But it is the customs and shorthand that take rather longer to get to grips with. The abbreviations such as RT (retweet), MT (modified tweet) and HT (heard through) seem simple enough, but the tricky question of when is a RT really a MT seems on a par with how long is a piece of string. If I modify someone’s tweet to fit it into 140 characters should I label it with an RT or MT – and does it matter? It seems to me that people behave differently but I’m not sure that, whatever one does, it can amount to a serious breach of etiquette. I try to indicate where I heard something from using HT, but sometimes that gets squeezed out by the character limit (particularly if a twitterhandle is long). I regret sometimes being sloppy in this way but I won’t lose sleep over it. The trouble is, I have reached my conclusions on these points simply by trying to read between the lines, as it were, of what other people tweet. Maybe my tweetguistic skills are as good as my French and I’m actually quite out of line – but I don’t suppose I’ll ever know.

There are other kinds of courtesy that I’m unsure about. Suppose someone’s #ff’d me (which turns out to stand for Follow Friday and its message is ‘I like this person so why don’t you follow them too’ and is tweeted by some people on – you guessed – a Friday, usually at least) do you thank them for the thought or take it in your stride and ignore it? I tend to thank them, although when someone did this about me for a significant number of Fridays in a row I stopped. Once was enough (by them and hence by me) in my book.

If someone retweets me (sorry, RTs me), I feel pleased that I’ve said something significant enough for someone else to want to pass it on, but I’m hardly going to send them a vote of thanks. But if they’ve retweeted my tweet linking to a recent post of mine – or even more if they’ve actually said some nice words about a particular blog I’ve written – then I try to say thank you because it means a lot to me. Sometimes, though, this becomes impossible simply because I can’t keep an eye on the twitter feed closely enough to spot the RTs – and once or twice just because the numbers of RTs were so numerous it was simply unfeasible to thank everyone, chuffed though I was (which was the case with the impostor syndrome  post of mine). I am conscious of the fact that several tweets in quick succession thanking a number of people for their RTs make for very boring reading for other readers, so apologies to you!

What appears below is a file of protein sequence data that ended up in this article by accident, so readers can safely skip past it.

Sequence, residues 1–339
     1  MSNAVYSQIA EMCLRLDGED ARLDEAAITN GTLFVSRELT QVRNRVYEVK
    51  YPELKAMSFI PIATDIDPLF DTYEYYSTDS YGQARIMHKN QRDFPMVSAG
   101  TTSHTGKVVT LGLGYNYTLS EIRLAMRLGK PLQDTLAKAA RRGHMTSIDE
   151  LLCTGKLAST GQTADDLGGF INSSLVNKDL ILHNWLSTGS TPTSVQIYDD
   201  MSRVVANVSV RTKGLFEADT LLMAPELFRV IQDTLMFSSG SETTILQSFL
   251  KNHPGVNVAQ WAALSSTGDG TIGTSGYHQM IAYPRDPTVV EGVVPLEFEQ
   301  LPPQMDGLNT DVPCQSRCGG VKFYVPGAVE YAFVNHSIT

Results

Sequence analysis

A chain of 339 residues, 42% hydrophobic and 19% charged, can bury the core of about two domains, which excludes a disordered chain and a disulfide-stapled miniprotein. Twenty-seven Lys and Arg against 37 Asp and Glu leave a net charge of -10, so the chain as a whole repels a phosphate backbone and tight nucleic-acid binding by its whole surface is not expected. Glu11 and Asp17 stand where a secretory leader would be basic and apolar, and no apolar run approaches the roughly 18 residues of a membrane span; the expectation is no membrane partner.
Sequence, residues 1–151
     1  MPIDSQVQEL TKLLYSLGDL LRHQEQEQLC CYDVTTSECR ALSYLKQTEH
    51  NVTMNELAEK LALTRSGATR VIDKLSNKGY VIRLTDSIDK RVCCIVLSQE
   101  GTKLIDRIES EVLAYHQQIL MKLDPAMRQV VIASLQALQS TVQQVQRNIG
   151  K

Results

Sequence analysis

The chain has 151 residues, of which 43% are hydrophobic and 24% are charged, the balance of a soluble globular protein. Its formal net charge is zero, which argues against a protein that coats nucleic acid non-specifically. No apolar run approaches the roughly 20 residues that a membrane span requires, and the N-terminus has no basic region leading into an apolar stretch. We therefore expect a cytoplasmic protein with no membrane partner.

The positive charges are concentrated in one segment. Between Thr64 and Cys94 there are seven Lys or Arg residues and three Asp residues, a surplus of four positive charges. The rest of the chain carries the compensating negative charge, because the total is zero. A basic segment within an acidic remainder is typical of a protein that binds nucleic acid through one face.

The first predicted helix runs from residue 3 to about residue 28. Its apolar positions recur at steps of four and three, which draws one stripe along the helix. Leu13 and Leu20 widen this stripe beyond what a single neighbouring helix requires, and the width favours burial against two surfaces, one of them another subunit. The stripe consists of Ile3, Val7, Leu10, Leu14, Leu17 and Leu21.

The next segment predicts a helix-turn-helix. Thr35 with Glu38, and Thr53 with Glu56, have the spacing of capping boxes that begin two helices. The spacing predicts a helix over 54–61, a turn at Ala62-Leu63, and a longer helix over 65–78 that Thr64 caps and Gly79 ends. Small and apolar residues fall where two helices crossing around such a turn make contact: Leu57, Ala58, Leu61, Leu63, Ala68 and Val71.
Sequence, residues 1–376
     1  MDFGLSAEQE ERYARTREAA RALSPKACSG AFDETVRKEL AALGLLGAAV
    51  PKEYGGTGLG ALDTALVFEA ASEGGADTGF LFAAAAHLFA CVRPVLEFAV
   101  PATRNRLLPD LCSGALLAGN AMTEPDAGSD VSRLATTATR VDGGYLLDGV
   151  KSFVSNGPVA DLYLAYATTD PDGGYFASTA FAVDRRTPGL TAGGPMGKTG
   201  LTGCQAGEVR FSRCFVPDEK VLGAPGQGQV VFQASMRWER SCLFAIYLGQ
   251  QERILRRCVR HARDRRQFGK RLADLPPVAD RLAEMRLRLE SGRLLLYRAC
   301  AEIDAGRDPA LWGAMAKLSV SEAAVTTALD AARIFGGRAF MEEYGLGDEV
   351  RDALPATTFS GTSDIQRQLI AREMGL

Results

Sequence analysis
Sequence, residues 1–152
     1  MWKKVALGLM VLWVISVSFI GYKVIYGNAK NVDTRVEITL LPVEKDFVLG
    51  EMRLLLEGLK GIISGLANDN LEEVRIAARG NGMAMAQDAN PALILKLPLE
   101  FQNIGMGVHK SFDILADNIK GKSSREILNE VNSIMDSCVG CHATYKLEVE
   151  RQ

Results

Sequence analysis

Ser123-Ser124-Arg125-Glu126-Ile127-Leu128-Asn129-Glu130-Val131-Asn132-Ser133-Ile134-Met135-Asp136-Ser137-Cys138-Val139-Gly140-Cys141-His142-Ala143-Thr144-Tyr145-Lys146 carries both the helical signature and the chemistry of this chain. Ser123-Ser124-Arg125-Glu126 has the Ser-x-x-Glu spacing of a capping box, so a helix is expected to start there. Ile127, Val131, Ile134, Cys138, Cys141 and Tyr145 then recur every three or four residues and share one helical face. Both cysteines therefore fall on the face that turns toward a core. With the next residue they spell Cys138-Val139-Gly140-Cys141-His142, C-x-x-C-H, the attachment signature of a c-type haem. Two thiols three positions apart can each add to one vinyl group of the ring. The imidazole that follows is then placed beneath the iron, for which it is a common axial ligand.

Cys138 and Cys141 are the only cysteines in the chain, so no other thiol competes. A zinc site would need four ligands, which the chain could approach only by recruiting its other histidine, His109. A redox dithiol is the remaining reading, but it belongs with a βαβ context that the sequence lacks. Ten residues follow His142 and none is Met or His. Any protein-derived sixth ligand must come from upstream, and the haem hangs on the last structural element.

There is one aspect of Twitter which a lot of people seem to have failed to decode, demonstrating a real linguistic failure to pick up a basic rule of operation. This concerns in essence a confusion between replies and retweets. If you want to reply to someone the tweet will begin @joannabloggs,  followed by the message you want to send them. However if you want to reinforce a message that @joannabloggs has already tweeted, you may want to stress that this is something she has said. In speech you might well say ‘Joanna Bloggs makes a good point…’, on Twitter if you begin with @joannabloggs then only she will receive the message (plus those who follow you both). I frequently see this syntax going astray; the correct thing to do is to begin with some other character rather than the @ sign. People use a  . or sometimes “ (as in . @joannabloggs or “ @joannabloggs ), although I think any character would do. Again that is only ‘ I think’; I may be wrong. I find myself feeling slightly disappointed when I spot people who obviously wanted to pass on that they’d liked something I’d written but who only manage to say so to me!